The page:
COVID-19, influenza and RSV will continue to circulate in our community

Reduce Your Risk

  • Stay home if sick
  • Wash your hands or use hand sanitizer
  • Keep up-to-date with vaccinations (COVID, influenza and others)
  • Wear a mask (recommended)
  • Maintain physical distancing where possible

Prepare. Prevent. Stay Safe.

Use Your Layers!

This information has been adapted from Ottawa Public Health’s reducing the risks website.

Below are some actions you can take to reduce your risk of developing a respiratory illness. Every one of them adds a layer of protection which can lower your risk and the risk you pose to those around you. 

Think of it this way: the colder it is outside, the more important it is to dress in layers to protect yourself from the cold and stay warm. As it gets colder, you add more layers. 

Well, in this case, the higher the level of risk you’re facing, the more important it is to consistently use as many of these layers as you can. And every single layer counts! 

Your layers: 

  • Being vaccinated with all the doses, of all the respiratory illness vaccines you’re eligible for
  • Monitoring yourself for symptoms and staying home when sick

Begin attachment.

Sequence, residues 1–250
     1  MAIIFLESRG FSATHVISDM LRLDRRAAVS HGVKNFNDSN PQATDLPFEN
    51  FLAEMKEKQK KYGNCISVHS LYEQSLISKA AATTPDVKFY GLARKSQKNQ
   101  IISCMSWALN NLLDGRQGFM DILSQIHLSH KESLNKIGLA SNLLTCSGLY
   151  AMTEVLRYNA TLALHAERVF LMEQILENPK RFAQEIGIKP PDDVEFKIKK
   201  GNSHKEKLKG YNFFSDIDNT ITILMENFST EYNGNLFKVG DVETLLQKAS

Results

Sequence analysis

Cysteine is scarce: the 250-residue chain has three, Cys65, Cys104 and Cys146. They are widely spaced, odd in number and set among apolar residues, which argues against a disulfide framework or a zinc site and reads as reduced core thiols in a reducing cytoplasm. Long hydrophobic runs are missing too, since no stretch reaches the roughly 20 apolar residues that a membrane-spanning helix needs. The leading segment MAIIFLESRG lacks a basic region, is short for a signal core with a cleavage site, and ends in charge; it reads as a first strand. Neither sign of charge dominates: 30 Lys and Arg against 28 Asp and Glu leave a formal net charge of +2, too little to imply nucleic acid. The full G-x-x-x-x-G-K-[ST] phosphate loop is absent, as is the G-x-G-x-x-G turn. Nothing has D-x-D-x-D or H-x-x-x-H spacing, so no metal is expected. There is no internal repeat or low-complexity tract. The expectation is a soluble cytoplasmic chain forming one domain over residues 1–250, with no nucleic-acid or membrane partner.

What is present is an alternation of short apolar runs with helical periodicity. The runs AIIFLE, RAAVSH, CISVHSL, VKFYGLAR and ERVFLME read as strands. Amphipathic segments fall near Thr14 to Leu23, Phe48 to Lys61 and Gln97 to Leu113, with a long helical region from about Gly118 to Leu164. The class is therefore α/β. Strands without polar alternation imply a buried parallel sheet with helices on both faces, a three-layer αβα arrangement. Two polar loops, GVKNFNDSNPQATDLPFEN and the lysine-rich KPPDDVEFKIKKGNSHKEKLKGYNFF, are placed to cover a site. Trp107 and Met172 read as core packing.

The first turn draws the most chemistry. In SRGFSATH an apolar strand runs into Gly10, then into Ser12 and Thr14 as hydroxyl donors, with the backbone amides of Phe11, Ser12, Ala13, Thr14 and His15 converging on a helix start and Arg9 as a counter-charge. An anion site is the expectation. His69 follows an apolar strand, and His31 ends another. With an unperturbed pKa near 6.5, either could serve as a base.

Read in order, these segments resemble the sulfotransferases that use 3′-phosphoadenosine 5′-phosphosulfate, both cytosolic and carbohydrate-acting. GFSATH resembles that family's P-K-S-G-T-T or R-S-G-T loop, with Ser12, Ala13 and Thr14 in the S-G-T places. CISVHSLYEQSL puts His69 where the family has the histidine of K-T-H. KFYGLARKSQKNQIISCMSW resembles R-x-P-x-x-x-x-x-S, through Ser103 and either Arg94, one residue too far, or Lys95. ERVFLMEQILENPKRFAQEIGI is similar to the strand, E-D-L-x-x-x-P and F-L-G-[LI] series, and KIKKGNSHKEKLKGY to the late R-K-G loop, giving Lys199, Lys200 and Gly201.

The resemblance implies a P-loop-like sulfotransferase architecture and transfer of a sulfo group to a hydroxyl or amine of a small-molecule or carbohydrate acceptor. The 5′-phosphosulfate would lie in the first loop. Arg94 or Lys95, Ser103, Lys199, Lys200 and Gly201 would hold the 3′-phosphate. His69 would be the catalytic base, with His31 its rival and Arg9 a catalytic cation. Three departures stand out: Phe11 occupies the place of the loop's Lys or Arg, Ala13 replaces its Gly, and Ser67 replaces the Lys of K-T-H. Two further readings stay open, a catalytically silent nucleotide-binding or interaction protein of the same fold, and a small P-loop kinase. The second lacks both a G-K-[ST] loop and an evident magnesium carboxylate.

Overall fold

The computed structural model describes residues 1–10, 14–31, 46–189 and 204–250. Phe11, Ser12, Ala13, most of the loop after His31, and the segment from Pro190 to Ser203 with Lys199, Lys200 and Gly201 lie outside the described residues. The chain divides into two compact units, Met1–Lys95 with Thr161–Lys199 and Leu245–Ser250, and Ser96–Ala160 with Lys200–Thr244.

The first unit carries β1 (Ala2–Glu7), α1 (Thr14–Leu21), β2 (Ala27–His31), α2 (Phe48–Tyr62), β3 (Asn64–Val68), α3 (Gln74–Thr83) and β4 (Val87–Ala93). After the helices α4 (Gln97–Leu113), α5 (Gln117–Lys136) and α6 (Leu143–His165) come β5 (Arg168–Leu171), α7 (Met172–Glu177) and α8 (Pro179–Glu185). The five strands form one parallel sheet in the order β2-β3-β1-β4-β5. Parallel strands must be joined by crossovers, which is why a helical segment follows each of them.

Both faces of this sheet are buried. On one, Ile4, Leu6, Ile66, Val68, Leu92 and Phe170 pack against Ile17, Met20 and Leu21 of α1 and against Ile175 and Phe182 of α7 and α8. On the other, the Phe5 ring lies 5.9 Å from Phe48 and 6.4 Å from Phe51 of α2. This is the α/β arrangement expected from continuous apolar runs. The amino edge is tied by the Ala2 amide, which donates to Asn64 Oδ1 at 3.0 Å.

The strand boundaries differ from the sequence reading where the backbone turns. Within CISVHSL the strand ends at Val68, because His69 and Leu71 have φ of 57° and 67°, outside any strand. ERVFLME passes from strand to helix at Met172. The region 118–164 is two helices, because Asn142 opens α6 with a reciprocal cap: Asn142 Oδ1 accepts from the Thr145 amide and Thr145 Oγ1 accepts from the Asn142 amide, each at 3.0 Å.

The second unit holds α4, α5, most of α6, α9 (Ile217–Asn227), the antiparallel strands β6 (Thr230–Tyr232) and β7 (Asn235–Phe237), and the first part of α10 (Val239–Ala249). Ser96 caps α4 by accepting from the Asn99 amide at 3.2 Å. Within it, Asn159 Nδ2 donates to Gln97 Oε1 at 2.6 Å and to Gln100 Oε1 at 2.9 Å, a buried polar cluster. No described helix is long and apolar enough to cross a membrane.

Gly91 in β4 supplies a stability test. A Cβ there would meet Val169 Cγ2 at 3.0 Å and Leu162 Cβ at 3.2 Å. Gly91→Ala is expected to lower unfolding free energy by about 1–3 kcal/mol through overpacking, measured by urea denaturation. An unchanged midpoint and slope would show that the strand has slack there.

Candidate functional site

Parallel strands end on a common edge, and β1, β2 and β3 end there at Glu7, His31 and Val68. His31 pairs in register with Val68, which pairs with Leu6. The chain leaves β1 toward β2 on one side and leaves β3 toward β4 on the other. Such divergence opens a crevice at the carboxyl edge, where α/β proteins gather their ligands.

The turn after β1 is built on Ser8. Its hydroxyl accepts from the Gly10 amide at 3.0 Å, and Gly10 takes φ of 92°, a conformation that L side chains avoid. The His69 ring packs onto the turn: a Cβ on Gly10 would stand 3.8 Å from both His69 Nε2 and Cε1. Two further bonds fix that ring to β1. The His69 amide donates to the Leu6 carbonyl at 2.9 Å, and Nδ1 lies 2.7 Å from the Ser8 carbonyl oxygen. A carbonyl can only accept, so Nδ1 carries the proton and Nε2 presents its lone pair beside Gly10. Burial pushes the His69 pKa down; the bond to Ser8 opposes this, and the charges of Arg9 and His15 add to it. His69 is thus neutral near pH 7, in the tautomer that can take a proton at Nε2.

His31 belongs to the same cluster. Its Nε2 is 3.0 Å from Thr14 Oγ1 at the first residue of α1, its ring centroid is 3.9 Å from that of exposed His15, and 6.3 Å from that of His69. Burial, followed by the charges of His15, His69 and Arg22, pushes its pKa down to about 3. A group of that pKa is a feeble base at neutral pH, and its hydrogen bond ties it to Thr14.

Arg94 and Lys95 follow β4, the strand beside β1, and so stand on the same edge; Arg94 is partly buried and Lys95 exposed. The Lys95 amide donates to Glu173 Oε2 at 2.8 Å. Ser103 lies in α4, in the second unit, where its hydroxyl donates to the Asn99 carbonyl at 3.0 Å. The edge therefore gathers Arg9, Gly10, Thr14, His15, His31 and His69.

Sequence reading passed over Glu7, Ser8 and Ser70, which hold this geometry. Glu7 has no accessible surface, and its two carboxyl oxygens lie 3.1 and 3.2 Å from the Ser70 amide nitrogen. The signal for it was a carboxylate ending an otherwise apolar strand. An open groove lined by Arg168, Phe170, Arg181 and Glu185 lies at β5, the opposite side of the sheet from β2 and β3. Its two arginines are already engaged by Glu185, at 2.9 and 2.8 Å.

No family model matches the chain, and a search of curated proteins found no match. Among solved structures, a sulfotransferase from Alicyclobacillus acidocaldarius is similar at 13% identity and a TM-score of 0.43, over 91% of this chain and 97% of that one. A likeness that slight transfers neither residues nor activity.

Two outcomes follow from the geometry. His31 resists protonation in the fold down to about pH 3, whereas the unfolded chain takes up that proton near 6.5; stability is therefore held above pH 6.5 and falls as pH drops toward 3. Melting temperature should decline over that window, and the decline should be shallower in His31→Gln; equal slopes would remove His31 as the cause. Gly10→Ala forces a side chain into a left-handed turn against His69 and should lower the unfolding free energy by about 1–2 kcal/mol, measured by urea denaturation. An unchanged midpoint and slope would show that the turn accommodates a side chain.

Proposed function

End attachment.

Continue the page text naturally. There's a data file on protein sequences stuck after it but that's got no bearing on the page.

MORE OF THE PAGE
• Wearing a mask, especially if exhibiting symptoms
  • Avoiding crowded indoor spaces, where possible
  • Maintaining physical distancing
  • Washing your hands or using hand sanitizer regularly
  • Respecting those who remain at higher risk of complications from infection

If you are someone who remains at higher risk, consistently using these layers is essential.

More Details about Your Layers


Our best protection against serious illness, hospitalization and long-term impacts from illness is vaccination.

Booster doses are critical for lowering the risk of severe outcomes from COVID-19. We strongly recommend that all members of the Carleton community get a full course of vaccination, including booster doses as soon as they are eligible.

Proof of vaccination is no longer be required to access campus or participate in in-person Carleton activities starting May 1, 2022.


Masking is strongly recommended as a way to protect yourself  – particularly in indoor settings where physical distancing cannot be maintained.